Posterior Fossa Metastasis

The differential diagnosis for an intra-axial posterior fossa mass depends on the age of the patient. The most common causes are juvenile pilocytic astrocytoma, medulloblastoma and ependymoma in a child and metastasis and hemangioblastoma in an adult, with the former being much more common. Be sure to exclude complications of posterior fossa masses in all patients, including obstruction of the fourth ventricle leading to hydrocephalus and herniation of the cerebellar tonsils below the foramen magnum.

Diagnosis: Metastatic lung cancer to the cerebellum

Figure 1: Red arrow (a) and (b) Axial T1 post contrast and FLAIR images demonstrate a circumscribed intra axial enhancing mass in the left cerebellar hemisphere with surrounding vasogenic edema abutting the fourth ventricle. (C) 3D rotational MIP from a PET-CT scan demonstrates hypermetabolic right upper lobe pulmonary nodules consistent with lung cancer (in this case non small cell).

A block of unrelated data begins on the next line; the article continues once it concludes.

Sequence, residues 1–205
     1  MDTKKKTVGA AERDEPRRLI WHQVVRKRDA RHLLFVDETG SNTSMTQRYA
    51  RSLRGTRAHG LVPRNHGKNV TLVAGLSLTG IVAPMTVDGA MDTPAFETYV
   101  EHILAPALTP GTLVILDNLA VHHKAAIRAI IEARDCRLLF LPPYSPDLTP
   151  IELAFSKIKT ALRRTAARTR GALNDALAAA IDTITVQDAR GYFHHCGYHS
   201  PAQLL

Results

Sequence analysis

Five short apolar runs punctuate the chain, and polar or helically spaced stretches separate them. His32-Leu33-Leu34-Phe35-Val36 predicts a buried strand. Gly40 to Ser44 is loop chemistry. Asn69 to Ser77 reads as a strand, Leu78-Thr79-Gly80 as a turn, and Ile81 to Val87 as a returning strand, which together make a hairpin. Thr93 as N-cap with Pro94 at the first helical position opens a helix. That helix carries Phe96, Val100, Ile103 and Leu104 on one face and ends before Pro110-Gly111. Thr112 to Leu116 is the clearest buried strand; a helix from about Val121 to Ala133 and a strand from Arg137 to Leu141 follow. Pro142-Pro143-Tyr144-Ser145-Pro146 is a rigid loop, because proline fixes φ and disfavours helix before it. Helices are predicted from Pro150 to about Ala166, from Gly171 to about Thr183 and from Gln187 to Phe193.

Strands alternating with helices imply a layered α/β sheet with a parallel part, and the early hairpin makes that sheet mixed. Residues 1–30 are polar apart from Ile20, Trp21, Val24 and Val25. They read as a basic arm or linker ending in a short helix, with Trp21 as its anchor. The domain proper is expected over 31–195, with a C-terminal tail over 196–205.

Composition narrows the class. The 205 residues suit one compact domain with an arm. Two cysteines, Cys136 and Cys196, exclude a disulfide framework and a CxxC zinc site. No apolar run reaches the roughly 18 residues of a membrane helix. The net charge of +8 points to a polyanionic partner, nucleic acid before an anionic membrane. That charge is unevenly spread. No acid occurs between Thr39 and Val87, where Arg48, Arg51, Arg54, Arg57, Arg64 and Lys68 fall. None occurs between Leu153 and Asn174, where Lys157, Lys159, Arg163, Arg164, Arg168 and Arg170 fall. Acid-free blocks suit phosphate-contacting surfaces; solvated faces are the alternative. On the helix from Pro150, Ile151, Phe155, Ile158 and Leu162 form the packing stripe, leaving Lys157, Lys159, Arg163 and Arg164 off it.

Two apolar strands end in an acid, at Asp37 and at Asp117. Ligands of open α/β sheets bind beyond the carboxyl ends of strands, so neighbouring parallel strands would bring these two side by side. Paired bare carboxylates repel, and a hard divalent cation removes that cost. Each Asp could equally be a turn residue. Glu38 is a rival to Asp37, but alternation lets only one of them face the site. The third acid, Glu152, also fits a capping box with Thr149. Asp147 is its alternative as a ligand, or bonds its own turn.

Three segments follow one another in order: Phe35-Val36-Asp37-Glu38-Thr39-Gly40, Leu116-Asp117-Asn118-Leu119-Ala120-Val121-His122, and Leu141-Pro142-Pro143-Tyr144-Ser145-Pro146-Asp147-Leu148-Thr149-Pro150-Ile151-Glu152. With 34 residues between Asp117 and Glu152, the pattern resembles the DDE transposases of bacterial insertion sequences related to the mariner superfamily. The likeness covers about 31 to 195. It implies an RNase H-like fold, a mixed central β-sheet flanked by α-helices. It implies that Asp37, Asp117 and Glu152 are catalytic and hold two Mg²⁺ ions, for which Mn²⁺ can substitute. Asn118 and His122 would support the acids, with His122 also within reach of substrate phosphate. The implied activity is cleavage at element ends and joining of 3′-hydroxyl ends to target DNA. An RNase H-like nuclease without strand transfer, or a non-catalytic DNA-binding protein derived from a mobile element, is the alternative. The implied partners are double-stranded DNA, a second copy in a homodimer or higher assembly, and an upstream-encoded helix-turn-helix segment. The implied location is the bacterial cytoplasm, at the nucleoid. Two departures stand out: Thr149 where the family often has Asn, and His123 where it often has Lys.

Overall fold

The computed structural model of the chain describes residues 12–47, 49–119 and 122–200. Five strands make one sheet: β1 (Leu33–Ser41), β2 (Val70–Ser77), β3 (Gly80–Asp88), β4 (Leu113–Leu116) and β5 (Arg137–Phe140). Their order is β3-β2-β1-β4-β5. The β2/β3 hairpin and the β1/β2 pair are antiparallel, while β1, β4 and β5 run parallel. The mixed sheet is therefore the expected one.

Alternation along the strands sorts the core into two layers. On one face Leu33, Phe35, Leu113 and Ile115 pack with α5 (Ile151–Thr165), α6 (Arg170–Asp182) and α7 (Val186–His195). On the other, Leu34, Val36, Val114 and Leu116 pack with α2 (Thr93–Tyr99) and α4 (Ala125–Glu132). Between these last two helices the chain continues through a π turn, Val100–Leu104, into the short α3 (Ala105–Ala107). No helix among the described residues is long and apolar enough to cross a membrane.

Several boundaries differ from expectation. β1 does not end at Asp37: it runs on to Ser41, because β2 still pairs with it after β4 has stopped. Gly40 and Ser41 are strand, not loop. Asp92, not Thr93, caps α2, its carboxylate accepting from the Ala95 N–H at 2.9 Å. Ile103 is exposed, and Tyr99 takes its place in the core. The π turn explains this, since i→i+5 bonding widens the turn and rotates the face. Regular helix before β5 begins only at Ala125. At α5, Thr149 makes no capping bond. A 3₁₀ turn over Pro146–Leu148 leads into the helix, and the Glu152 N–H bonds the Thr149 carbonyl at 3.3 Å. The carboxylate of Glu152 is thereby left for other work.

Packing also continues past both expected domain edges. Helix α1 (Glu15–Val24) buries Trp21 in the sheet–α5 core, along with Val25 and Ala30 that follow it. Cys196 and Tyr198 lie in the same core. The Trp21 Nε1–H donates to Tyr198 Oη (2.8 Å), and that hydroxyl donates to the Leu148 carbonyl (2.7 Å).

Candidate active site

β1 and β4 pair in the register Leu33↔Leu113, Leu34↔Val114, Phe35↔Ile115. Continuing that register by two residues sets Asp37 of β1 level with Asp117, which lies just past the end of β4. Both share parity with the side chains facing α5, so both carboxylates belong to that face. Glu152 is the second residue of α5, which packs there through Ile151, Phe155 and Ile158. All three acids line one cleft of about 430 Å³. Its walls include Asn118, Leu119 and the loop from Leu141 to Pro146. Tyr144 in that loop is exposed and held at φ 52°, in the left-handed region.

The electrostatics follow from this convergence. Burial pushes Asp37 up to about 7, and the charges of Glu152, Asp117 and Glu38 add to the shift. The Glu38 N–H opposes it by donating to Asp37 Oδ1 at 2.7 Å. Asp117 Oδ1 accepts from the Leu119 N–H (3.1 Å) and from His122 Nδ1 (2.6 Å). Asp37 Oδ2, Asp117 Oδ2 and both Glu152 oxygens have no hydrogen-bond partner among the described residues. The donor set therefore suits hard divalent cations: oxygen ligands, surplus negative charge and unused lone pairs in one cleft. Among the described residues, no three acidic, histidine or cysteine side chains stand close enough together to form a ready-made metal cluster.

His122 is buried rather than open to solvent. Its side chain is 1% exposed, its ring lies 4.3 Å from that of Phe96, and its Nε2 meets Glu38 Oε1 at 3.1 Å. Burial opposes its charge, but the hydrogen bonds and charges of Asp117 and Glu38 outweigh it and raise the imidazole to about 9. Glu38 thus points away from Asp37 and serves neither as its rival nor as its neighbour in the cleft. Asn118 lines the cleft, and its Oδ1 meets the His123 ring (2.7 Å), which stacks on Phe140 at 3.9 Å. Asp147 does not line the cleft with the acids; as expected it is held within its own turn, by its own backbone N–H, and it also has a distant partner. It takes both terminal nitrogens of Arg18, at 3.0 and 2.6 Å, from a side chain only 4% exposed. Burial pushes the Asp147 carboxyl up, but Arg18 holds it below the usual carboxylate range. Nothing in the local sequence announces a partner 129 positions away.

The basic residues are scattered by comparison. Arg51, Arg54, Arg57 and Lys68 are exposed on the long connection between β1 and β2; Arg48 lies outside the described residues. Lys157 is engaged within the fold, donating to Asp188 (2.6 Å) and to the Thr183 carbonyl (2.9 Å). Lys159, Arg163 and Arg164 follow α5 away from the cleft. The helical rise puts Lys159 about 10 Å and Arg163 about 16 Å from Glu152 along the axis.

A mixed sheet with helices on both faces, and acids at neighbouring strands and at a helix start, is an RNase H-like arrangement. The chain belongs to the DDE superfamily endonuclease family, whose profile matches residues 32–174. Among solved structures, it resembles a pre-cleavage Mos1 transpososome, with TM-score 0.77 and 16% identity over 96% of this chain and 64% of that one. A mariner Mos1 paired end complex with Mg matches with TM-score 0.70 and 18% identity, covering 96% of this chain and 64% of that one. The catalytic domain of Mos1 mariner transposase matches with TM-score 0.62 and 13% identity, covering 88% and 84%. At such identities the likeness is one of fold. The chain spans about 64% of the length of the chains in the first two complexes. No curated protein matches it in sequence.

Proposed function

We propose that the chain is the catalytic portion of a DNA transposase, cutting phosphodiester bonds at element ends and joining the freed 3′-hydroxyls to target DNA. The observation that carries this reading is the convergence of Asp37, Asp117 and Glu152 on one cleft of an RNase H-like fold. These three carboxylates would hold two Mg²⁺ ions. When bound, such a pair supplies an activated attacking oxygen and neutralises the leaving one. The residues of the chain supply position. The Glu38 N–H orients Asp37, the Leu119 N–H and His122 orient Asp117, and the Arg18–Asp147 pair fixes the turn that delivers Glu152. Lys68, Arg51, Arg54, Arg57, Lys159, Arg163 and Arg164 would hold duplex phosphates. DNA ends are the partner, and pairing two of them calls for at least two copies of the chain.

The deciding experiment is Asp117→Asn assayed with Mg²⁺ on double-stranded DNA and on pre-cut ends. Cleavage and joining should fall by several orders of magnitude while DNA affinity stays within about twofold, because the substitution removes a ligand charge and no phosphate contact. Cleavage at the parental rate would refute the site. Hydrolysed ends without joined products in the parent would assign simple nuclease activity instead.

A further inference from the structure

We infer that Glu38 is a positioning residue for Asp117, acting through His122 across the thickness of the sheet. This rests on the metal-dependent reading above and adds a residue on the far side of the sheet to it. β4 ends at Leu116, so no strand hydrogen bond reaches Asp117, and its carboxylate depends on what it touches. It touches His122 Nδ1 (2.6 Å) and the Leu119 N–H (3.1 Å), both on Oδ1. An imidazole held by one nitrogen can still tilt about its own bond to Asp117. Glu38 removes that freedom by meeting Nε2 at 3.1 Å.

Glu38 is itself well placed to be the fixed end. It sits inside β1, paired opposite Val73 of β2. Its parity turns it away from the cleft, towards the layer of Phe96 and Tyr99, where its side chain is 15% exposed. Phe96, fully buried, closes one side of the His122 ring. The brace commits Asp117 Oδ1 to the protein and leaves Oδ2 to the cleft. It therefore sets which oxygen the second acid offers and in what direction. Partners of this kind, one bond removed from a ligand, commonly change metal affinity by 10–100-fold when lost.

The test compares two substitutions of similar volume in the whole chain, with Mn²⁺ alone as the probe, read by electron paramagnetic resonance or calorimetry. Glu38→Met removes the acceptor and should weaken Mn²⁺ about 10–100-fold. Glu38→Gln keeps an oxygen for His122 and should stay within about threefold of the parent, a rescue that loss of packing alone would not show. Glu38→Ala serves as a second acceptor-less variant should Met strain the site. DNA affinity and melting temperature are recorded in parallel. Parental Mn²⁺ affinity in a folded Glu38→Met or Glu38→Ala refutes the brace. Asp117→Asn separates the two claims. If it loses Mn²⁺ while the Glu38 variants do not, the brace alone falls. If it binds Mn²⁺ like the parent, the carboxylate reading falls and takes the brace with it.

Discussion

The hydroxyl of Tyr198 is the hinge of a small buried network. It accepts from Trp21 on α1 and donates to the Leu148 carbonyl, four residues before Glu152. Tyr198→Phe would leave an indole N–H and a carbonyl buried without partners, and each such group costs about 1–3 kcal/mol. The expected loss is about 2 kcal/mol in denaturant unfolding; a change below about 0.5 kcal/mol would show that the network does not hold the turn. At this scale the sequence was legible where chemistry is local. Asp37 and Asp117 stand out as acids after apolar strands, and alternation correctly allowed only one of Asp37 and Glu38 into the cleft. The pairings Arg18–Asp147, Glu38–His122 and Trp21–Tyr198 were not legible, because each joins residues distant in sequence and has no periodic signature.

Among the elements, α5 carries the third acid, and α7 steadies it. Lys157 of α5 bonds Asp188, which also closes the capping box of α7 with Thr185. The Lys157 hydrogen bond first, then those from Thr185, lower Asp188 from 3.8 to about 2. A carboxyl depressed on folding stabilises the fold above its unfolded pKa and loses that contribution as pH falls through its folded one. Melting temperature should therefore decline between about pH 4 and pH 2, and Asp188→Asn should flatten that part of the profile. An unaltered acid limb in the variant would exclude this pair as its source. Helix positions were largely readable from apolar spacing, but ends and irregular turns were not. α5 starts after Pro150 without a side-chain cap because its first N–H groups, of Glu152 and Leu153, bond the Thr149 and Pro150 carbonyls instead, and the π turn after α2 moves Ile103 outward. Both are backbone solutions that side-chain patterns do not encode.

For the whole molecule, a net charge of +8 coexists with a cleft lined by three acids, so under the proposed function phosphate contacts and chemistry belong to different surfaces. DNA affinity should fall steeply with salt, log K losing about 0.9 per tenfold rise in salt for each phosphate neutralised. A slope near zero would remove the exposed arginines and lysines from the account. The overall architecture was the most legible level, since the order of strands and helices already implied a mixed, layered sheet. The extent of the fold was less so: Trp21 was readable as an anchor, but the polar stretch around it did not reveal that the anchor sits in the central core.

Brain metastasis are the most common intraaxial neoplasm in adults, occuring in 8-10% of cancer patients. Lung, breast and melanoma are the most common primaries. Brain metastasis are especially common in small cell lung  cancer (80% of patients 2 years after diagnosis, compared with 30% in non small cell lung cancer)1. Treatment commonly includes steroids (to reduce mass effect) and whole brain radiation.


1Chi A, Komaki R. Treatment of Brain Metastasis from Lung Cancer. Cancers 2010, 2, 2100-2137

Recommended For You

About the Author: Christopher Buckle MD